Re: Hello doctors
+1 for the "Man of Steel, Woman of Kleenex" ref. I laughed till I cried when I first read that. If you want a real mad experience try reading it aloud to an audience, as good as anything by Mr B Connerly...
Re: iWatch ? I cannot believe
Wristwatches came in because pulling a pocket watch was too much hassle in a busy environment. Pulling a phone out my pocket is just as inconvienent when I'm busy and I think a lot of people find that. I don't use a chonograph (not even digital), just a plain "old-school" watch that shows the date as well as time. Much more convienient than fumbling in my pocket and pressing buttons to find out the time or date.
As for "tech-watches", not my cup of tea but who knows.
Re: we'd use far more energy getting there and back
As usual, Arther C Clarke got in there first, Check out his seventies novel "Imperial Earth" where the plot hinges on the 22nd Century economy of Titan supplying Methane across the Solar System for spacecraft propellant.
Re: Desperate for attention
Their spacecraft is in Lunar orbit right now. They had said that they would be attempting a landing today.
Re: Moving South
Iceland sits at the "pivot point" of the Mid Atlantic ridge, the line of tectonic sea floor spreading that's pushing America away from Africa and Europe. Esentially Iceland is being split apart so it's volcanoes are being caused by a different mechanism.
To get an idea of what's happening have a look at this;
Re: 50 things to do before you die...
Shouldn't that be "SHORTED"?
Re: which allows the male users to have virtual sex
depends on the programming...
ClarisWorks - God! I would love to have that back!
It may not have been as well featured as Office but it had enough to make it very useful and it's integration between the tools was so sweet.
I want it back, as it was, right now!
BTW Claris Homepage was quite sweet too. Definately needed to be updated but very usable.
Patience Grasshopper, patience...
I made a nice little one out of a 35 mm film pot once. Pin hole in the base and a tracing paper screen across the open top, projected a lovely little image onto the screen. Nicely ironic too.
However, top marks to this bloke. A little pricey perhaps but it is getting the idea of 3D printing out there to another bunch of people.
Re: They have to call the colony ship "Ark Fleet Ship B"
What was that, a faulty spacesuit? Too bad, got to clean it out now.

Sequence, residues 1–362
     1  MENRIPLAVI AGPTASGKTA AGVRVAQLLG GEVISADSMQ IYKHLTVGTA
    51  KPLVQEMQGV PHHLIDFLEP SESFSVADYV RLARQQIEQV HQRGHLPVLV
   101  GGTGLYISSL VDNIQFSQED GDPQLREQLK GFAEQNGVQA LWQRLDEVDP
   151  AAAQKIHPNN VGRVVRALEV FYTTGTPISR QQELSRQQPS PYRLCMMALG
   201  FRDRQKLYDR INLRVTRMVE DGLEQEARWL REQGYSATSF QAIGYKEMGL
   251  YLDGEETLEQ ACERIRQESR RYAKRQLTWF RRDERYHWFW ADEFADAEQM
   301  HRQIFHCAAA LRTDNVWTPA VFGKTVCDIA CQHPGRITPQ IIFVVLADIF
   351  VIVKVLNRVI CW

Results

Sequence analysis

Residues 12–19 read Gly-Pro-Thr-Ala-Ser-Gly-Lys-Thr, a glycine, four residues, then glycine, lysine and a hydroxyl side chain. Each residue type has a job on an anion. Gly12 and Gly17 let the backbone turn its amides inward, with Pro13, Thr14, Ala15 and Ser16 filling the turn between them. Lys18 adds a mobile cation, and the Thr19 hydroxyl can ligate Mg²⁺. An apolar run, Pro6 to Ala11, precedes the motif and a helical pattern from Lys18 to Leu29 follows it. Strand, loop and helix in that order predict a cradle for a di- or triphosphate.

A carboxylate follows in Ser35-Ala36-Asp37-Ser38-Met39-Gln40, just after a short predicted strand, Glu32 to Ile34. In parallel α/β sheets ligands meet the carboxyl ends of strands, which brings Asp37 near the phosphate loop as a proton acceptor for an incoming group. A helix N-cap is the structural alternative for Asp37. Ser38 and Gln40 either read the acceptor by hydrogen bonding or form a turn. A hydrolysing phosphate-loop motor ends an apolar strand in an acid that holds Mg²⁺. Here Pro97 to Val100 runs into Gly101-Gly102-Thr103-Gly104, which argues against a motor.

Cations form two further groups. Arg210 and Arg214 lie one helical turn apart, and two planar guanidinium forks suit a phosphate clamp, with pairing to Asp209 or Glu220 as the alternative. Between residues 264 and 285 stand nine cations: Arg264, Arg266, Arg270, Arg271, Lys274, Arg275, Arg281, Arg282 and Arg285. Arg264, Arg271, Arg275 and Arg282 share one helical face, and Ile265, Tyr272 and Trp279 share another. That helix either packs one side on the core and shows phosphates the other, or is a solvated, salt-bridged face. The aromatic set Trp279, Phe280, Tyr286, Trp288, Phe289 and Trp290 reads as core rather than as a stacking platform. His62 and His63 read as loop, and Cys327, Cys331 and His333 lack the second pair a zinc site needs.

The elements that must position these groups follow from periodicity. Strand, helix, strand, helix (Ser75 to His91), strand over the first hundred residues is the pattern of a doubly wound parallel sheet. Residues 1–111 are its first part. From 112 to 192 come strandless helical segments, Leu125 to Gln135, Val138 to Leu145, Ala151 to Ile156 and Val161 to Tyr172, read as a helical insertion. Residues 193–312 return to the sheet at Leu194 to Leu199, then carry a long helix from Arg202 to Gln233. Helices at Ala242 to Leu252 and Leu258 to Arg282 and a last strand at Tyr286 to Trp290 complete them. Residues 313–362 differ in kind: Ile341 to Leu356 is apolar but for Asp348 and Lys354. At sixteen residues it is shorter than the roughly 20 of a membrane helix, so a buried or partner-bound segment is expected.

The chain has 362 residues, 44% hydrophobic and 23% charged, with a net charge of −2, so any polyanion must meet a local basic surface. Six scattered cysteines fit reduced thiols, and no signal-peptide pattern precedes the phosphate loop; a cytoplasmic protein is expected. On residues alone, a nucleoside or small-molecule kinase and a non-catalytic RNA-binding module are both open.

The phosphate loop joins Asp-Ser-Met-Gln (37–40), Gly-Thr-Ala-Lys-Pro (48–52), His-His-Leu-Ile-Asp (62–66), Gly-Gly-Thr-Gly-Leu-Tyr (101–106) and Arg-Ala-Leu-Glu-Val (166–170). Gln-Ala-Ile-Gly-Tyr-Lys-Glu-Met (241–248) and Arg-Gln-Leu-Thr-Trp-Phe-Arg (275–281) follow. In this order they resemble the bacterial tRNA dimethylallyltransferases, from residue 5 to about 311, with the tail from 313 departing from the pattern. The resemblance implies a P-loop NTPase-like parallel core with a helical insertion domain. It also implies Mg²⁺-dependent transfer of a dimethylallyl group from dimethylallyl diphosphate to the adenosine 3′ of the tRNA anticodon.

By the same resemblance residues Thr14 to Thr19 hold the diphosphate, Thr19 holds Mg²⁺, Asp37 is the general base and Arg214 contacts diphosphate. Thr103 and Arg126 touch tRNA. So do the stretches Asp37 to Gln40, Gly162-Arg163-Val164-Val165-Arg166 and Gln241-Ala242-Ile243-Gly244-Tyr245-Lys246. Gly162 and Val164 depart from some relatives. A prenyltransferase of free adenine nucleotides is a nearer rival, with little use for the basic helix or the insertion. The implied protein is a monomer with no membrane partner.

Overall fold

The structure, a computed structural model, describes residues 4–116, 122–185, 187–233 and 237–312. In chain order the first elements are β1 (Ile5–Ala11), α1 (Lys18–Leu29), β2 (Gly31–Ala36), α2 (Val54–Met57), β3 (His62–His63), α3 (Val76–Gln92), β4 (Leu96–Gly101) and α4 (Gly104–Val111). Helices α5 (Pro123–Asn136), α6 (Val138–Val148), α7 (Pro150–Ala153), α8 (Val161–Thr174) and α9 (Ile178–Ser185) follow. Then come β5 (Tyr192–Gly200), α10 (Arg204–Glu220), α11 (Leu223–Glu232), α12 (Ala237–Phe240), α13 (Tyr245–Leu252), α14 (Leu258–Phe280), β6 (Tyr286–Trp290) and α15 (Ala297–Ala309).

Re: I'm surprised
Probably the best beer in the Solar System?
It may not be too spectacular an image but it's absolutely bloody brilliant that we have taken these images from a spacecraft, orbiting another world.
Bit of a traffic jam
After making a fix on the software, Cygnus' controllers were asked to delay the next attempt to dock up until after the Soyuz docking had taken place. If they hadn't both of the vehicles would have arrived at the station about the same time.
Barnes Wallis would be proud of you all, geodetic structure and a Swallow wing plan - brilliant!
I had to watch the video without sound so you may have answered this already. When you test fly Vulture 2 will it be under radio control or are you going to try the autopilot? (or both even)
Re: Small launcher space port - Thunderbirds are go!
But (as has been said before when we discussed Skylon) Britain is in the wrong place on the globe. If we want to launch to equatorial orbits we have to launch over Europe, not good for dropping stages or other problems. Our best option is Ascension Island, slap on the equator and a couple of thousand miles of sea before you hit Africa.
Re: I've ordered a 5C
Skoda seems to be more reliable at the moment...
Re: They just don't build 'em like they used to.
With respect, they still can build'em. There is a rover on Mars that was supposed to only work for 3 months, it's now in it's twelth year.
We got to see this flying!
Michelangelo said "Every block of stone has a statue inside it and it is the task of the sculptor to discover it."
Now it seems to be literally true (although in plastic!).
Well done to all concerned, this is proving to be fascinating.
Re: Originals were great?
Just a little?!
Re: Maybe Crewman Daniels was shot backwards in time again?
Funny you should mention Star Trek, in 1980 there was a "Star Trek Maps" set published which included a navigation booklet. This discussed using pulsars and quasars as triangulation beacons for navigation, quasars becourse these were so far away that they would appear "fixed" on the sky compared to pulsars which are nearer and so would have a detectable proper motion. The manual even gave the equations you could use to plot your position in space!